But, there is one positive to this whole thing. At least Marvel aren't DC, because ho-boy is the DC cycle so, so much worse.

But that's a story for another week.

And with that

JR out.

JR19759

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3 Responses to What Were They Thinking?: A Series Of Meaningless Events

  1. Funkmachine7

    And that’s why i don’t read Marvel comics.
    I have a limited income, i don’t care to buy or read dozens of books that might be related to the same story.
    I want a good part the story per update and care to see it complete in short order, i don’t want to wait months to read it all.
    Yes i know that it takes time to write, draw and print a comic but work like TV, give me a season, a 4 or 6 issue run that comes out weekly, it tells one story and has one art and writing team.

  2. Yeah . . . You gotta hand it to patient people like me. We wait till it’s free on the web and laugh harder at how campy it is and how it compares to some of the moronic established writers of today.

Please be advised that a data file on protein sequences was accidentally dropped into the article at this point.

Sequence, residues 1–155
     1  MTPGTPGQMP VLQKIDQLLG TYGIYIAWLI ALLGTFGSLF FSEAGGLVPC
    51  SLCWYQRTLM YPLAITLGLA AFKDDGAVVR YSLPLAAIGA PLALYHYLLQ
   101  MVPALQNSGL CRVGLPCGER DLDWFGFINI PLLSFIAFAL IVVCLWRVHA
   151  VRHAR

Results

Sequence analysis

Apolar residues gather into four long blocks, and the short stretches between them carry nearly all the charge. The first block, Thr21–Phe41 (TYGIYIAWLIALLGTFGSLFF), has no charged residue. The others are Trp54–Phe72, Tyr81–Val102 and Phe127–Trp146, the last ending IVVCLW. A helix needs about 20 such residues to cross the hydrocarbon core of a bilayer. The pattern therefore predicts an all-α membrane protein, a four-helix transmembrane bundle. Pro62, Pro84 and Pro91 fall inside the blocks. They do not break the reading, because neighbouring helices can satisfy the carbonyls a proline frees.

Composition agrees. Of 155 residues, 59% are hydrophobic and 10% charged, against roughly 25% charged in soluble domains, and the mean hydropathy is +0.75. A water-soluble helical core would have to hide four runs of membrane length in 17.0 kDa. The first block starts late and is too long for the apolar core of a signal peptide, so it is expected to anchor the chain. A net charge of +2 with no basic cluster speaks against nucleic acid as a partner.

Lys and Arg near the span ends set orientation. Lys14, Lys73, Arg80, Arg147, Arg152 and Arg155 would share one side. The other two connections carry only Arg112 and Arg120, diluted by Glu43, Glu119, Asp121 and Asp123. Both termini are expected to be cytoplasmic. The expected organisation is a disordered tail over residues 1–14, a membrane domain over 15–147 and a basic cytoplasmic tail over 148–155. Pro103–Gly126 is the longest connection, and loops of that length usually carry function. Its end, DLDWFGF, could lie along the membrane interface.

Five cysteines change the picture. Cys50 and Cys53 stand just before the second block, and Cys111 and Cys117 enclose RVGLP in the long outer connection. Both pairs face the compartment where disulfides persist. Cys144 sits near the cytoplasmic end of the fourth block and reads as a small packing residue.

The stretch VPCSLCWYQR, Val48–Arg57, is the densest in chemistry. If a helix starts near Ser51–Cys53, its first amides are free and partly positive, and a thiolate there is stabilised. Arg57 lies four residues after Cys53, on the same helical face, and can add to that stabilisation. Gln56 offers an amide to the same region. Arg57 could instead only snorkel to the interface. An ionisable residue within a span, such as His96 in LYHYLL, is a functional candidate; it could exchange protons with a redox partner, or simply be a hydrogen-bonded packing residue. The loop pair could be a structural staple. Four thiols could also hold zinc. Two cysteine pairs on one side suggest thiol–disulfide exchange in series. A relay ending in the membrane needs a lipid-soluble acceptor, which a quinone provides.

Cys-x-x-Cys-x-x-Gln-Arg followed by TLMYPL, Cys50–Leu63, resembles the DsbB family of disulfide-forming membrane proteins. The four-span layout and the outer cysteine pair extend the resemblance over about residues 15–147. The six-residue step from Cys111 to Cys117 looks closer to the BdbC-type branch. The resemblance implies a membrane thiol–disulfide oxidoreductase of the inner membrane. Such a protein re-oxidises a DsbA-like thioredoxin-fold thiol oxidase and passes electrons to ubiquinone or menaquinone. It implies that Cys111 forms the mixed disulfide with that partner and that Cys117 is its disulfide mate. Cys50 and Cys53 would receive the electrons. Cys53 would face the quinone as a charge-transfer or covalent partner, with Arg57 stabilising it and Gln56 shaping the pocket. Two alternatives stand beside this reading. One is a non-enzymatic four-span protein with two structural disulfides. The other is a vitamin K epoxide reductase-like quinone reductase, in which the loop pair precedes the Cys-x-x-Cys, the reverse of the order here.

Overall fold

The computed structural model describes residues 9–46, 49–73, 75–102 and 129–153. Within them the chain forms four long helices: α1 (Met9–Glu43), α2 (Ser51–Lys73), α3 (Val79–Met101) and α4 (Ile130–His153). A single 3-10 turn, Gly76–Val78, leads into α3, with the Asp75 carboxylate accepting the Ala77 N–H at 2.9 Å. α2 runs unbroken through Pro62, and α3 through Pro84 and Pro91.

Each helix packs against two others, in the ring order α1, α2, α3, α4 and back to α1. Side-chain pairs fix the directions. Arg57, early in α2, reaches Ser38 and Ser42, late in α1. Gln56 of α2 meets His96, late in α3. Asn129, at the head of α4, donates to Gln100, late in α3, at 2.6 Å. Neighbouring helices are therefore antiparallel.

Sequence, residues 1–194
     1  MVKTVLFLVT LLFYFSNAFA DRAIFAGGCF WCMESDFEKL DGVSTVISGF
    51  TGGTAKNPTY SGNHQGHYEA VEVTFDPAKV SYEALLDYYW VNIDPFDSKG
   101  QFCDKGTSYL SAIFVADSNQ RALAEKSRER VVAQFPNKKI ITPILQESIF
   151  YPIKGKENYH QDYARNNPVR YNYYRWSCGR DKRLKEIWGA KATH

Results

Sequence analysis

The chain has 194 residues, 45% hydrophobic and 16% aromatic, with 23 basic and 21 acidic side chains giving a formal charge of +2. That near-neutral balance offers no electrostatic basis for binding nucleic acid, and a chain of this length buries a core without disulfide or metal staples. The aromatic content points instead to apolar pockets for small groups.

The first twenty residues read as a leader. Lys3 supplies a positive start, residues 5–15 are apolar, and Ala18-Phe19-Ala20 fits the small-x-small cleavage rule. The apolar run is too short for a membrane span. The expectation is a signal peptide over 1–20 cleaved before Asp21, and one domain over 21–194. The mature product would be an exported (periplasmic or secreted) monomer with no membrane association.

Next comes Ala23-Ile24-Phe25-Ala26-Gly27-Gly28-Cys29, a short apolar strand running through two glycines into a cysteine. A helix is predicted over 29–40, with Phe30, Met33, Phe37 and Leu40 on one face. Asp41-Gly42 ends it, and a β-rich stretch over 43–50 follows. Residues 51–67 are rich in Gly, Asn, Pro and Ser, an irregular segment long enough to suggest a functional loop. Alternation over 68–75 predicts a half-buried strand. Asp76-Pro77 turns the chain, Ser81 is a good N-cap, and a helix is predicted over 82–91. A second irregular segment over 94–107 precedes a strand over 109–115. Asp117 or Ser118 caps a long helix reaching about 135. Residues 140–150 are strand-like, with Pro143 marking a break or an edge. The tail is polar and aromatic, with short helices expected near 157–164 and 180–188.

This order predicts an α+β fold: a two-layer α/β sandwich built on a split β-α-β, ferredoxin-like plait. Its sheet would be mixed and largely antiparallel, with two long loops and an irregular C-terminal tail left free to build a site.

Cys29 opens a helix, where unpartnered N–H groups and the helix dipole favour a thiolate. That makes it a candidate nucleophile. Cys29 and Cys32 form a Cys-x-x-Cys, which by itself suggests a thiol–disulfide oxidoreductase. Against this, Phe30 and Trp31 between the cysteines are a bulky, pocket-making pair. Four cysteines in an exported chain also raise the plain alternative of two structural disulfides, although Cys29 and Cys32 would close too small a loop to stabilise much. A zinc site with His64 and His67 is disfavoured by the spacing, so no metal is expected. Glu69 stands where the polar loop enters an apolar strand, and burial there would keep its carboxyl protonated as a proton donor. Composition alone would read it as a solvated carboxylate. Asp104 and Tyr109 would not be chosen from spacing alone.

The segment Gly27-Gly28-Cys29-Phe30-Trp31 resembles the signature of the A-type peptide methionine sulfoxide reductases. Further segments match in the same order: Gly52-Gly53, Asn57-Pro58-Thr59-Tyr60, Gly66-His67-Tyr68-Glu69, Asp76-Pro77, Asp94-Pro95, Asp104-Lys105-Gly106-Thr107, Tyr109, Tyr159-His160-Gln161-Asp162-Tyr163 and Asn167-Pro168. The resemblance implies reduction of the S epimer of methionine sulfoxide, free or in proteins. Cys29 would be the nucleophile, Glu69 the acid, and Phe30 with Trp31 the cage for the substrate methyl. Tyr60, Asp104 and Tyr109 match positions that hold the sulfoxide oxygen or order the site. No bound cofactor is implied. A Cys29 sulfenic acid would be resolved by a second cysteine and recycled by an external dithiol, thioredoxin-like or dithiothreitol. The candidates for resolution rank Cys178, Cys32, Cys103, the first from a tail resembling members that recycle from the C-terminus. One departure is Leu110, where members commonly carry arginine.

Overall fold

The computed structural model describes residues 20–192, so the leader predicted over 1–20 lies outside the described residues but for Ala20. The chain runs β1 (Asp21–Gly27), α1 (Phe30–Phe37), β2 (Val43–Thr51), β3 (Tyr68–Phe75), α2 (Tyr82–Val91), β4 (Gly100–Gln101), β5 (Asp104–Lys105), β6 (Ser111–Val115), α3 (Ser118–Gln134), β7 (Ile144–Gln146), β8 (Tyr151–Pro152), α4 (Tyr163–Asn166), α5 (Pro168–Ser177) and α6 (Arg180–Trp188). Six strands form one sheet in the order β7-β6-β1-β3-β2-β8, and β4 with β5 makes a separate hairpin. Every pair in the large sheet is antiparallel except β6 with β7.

3. The Atomic Punk

    Where to begin and where to end? I agree with you, JR. It would take as many or more words to explain why. I also agree with Funkmachine7 that crossovers can be expensive. Sometimes, they feel like outright exploitation.

    The balance between good storytelling and the pressure to boost sales. Add the need to be consistent across multiple titles. It’s a huge undertaking while simultaneously test marketing. Gambling the reputation of iconic characters. Culminating in everyone throwing their hands up and hitting the reset button.

    If any consolation, Futurama solved this predicament by simply moving forward until time ends. The universe is born anew only to repeat the same events in the same order unless there is an anomaly or deliberate redirection. Flashpoint being an example of such an event.